Tuesday, October 21, 2008

Carl Levin: Fed could aid a merger Chrysler and GM

Levin: Fed could aid a merger
Senator says that if a Chrysler pairing with another carmaker needs help, it should be offered.
Deb Price and Gordon Trowbridge / Detroit News Washington Bureau
DETROIT -- Sen. Carl Levin on Monday suggested that the federal government may have a role in helping Chrysler complete a merger.

"If they need support to make some kind of a merger between Chrysler and another auto company happen, we clearly ought to do that," Levin said during a debate with state Rep. Jack Hoogendyk, his opponent in Michigan's U.S. Senate race. "No other country in the world would stand by and watch major corporations go under this way without trying to do something about it."

Levin would not discuss what form federal involvement might take. "I don't have anything specific I want to talk about at this point," he said. "There may be ways (to help a merger) ... but I better leave it at that."

Levin acknowledged that a merger could eliminate jobs, but he suggested that failure by one of the domestic car makers could hurt the state even more.

Liz Boyd, press secretary to Gov. Jennifer Granholm, said the governor "is focused on reports of a merger and the impact it could have on the state's economy. While most mergers represent job loss, mergers can also offer opportunities for consolidation of operations and that could be positive for Michigan."

U.S. Rep. Thaddeus McCotter, R-Livonia said, "we want to preserve the most jobs possible. Does a merger do that?"

He said it's unclear whether more jobs would be lost in a merger rather than Cerberus selling off parts. Either way, he said, the federal government needs to step in with additional job training, extension of unemployment benefits and similar aid to help the state and localities cope with additional job losses.

"We need to be prepared to help the people that may be losing their jobs. ... You have a lot of people very worried about their jobs. Democrats or Republicans, we are all in the same boat. We need to do what we can to help."

U.S. Rep. Pete Hoekstra, R-Holland, said he's not convinced that a merger would make one stronger company out of two struggling ones because of unresolved problems.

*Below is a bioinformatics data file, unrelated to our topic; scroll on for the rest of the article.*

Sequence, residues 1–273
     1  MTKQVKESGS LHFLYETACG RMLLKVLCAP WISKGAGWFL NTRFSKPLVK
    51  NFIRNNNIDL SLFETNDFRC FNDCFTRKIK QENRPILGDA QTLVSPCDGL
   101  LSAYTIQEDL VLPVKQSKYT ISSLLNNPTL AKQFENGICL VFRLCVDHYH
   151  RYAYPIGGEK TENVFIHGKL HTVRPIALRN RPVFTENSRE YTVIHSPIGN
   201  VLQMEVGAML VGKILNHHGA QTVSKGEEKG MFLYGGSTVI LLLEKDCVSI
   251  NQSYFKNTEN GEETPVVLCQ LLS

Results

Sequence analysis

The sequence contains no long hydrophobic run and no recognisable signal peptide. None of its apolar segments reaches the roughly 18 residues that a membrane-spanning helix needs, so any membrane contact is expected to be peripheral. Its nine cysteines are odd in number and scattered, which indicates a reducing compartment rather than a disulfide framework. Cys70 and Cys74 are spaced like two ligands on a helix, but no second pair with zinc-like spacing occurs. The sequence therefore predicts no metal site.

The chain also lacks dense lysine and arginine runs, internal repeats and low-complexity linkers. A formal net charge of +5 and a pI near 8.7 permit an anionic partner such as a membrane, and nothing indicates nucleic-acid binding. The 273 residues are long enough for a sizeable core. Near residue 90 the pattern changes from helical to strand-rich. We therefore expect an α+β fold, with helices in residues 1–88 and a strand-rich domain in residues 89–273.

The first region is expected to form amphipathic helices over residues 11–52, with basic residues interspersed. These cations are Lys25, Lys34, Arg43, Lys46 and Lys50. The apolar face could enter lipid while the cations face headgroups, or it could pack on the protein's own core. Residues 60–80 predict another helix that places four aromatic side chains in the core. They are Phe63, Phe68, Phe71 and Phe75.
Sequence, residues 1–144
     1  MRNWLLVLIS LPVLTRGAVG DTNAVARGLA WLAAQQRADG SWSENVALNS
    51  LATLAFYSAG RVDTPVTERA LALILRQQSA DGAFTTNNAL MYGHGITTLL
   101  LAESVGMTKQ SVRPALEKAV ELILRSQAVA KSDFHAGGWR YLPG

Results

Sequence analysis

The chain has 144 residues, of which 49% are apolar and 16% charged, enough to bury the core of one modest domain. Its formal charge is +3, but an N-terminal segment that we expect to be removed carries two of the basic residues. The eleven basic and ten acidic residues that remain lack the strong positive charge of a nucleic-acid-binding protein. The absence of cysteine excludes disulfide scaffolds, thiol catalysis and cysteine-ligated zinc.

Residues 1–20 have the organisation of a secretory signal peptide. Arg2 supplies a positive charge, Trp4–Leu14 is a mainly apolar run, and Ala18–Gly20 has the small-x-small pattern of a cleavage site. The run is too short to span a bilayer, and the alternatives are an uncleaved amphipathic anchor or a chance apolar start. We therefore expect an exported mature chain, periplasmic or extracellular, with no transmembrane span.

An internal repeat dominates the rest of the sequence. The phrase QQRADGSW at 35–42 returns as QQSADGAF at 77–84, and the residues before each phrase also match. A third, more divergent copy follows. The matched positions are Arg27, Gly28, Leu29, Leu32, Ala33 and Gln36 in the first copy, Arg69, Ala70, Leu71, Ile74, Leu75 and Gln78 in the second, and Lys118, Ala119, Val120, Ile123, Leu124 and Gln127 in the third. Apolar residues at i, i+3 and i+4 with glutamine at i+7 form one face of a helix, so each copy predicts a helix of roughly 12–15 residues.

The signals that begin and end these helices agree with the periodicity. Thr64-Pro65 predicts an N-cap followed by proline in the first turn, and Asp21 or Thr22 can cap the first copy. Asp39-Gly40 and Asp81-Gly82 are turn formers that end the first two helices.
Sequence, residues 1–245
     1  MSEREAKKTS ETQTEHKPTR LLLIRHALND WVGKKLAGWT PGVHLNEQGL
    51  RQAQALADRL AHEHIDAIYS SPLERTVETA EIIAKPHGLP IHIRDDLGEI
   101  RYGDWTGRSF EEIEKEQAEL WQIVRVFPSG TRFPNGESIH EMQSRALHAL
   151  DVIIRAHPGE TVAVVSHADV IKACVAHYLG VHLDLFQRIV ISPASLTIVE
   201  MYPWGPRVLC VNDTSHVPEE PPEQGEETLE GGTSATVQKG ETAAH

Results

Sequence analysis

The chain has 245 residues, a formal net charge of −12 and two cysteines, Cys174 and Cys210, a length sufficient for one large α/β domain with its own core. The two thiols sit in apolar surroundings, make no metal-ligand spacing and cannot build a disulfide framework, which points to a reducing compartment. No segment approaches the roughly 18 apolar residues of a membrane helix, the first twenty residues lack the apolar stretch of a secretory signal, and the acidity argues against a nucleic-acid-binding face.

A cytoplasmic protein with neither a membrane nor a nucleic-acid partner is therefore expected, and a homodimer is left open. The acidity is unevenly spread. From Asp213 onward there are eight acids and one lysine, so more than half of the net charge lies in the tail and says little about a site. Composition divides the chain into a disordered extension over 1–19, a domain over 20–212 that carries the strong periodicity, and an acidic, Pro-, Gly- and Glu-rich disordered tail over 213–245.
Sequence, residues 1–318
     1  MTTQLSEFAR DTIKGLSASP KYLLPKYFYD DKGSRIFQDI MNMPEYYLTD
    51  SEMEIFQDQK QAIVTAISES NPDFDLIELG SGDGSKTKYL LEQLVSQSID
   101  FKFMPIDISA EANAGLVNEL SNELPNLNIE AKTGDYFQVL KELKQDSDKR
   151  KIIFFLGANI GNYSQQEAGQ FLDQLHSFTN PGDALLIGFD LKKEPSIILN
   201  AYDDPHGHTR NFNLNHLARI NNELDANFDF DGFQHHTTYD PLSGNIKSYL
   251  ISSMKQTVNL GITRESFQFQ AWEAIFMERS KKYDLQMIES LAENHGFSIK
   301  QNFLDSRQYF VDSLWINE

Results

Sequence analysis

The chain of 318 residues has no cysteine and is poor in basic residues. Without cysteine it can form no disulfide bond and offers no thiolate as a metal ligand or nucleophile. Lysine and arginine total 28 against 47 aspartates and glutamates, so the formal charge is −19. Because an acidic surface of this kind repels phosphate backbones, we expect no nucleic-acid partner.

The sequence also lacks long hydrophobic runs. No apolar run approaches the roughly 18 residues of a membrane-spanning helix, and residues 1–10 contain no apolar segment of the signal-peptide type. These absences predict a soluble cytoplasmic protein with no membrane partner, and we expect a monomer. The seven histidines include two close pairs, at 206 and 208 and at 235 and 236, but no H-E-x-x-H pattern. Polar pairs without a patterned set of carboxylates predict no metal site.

"They have structural fundamental weaknesses that have made it difficult if not impossible for them to survive on their own. Putting the two of them together doesn't fundamentally change that dynamic, if they are not willing to do the things needed to survive separately. Even if they merge, they would still have problems with legacy costs, with their product mix, and the like."

Hoekstra said if the companies merge, expect the new entity to announce "merger savings," the buzz word for job cuts. He's also concerned about Chrysler and GM dealerships in his district.

"If you had two auto companies go out of business, well obviously you'd rather have one that survives. But it would be a painful transition for a state like Michigan. They'd be a lot of merger savings. That is a kind way of saying there would be lots of people losing their jobs."

But U.S. Rep. Mike Rogers, R-Brighton, said that he could see a stronger combined company emerging through savings in parts production, purchasing, and research and development.

"I'm concerned about how they do it. But I am cautiously optimistic. Like everybody else, I would love to see the details. We are all concerned and want the best outcome for workers."

U.S. Rep. Joe Knollenberg, R-Bloomfield Hills, said, "I'm watching this situation very closely. Lots of Michigan autoworkers, and their families, hang in the balance."

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